It was the beginning of their nearly eight-year-long relationship. And according to the exhibition text, “the beginning of an intellectual and artistic conversation.” For Dora Maar, it would have devastating consequences. As for the conversation, taking up painting again at his suggestion soon reduced her role to that of a pupil. Picasso had discovered the possibilities of cliché-verre after Brassaï had left some unexposed glass plates at his studio. He and Dora Maar would make portraits of each other, scratch the negatives and gradually transform the images. He would paint her endlessly. Sometimes she would paint her versions of his paintings of her, though closely resembling his style, to push her technique further or to gain some kind of control over her image.
And then on April 26, 1937 came the bombing of Guernica. Within a few days, Picasso started working on his most famous work. Dora Maar photographed each stage of the process. The images are presented here as a giant slide show. According to Picasso's biographer John Richardson, the importance of her images went far beyond the mere documentary. In his review of Xavier Irujo's book “A Different Guernica”, Richardson wrote, “It also helped Picasso to eschew color and give the work the black-and-white immediacy of a photograph.” And when an official publicity photograph was needed, and Picasso was too busy to apply the final brushstrokes, he asked Dora Maar to apply them for him.
Shortly after the painting was completed, Dora Maar sold her photographic equipment. It seems inexplicable. She was at the top of her game as a photographer, having created some of the most striking images of surrealism.
The blame is usually put on Picasso. That he was jealous, that she had a life beyond him. In “The Sorcerer's Apprentice”, John Richardson's book about his relationship with the brilliant, exasperating and impossible collector Douglas Cooper, the author devotes a chapter to Picasso and Dora Maar and makes it clear that Picasso regarded her as “his property”. Being “Picasso's Woman” came at a high price. Picasso identified with the Minotaur, “to whom women had to be sacrificed.”
Their relationship became more difficult. Picasso started an affair with Françoise Gilot and then abandoned Dora Maar. After their break, Dora Maar suffered several psychotic episodes. She was taken to a psychiatric hospital where she was subjected to a series of electric-shock treatments. After that she went through analysis with Jacques Lacan. He detected a religious streak in her and felt that the choice was between encouraging it or letting her slip into madness, and so chose the former.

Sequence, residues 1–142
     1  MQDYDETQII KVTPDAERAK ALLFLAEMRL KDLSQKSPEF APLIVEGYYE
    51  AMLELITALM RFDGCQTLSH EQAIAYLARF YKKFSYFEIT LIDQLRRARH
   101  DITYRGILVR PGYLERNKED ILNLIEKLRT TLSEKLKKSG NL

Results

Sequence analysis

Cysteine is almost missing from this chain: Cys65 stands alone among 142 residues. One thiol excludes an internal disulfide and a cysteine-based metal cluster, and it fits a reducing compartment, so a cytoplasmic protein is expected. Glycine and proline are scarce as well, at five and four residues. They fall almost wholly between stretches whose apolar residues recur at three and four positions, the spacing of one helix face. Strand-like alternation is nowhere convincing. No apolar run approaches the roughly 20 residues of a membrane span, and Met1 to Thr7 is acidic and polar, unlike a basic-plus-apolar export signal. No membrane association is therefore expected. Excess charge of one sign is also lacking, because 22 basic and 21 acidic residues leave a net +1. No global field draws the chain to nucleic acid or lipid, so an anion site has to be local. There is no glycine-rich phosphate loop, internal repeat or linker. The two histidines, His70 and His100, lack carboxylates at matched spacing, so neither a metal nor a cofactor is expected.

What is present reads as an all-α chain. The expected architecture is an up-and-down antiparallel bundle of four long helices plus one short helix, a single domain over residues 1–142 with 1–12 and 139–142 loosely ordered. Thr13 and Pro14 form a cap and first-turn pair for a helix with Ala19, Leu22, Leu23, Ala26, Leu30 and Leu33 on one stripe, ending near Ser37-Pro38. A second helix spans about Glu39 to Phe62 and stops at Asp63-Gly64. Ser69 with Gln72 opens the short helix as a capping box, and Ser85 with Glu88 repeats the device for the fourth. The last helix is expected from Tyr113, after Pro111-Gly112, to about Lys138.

She would carry on with her painting. The curators do their best for making the case that she was, if not an important painter, at least a more than adequate one. I'm not convinced. The paintings from the 1940s--dark, moody, with strong feelings of solitude--strike me as being severely overworked, uncertain. Included here is a self-portrait from 1945. And it is shocking in its directness, her face emptied of emotion or any sense of connection, the eyes looking through the viewer.
In the 1950's, she began to focus on landscapes, then abstraction, but the works displayed here as others I have seen seem at times meandering and above all without any emotional focus.
And she withdrew more and more from the world. She turned down offers of exhibitions and publication of her photographs, dividing her time between her apartment in Paris and her dilapidated house in Ménerbes. According to John Richardson, she became a recluse in later years, not because she shied away from contact with people, but out of vanity, as she was bent over painfully with arteriosclerosis.
She would however, return to photography in the 1980's, making photograms. The best on display here have a mysterious haunting quality. Others, combining cliché-verre technique with daubs of paint, are aggressively scratched, but seen as a group, they strike me as aimless, angry outbursts more than anything.
Evidently she did retain at least one camera. The exhibition ends with seven images, of the house in Ménerbes and its surroundings, taken in the 1960s. Empty, but also strangely haunting. A strange, but still fitting coda, to a woman, who despite the ambitions of the curators, remains a mystery.
I shall go and see this exhibition again when it comes to London for the masterworks, and I think I'll skip the rest.
Centre Pompidou, June 5-July 29, 2019
Tate Modern, November 20, 2019-March 15, 2020
J. Paul Getty Museum, April 21-July 26, 2020
Michael Diemar is a London-based collector and consultant. He is also editor-in-chief of The Classic, a new free magazine about classic photography. He is a long-time writer about the photography scene, writing extensively for several Scandinavian photography publications, as well as for the E-Photo Newsletter and I Photo Central.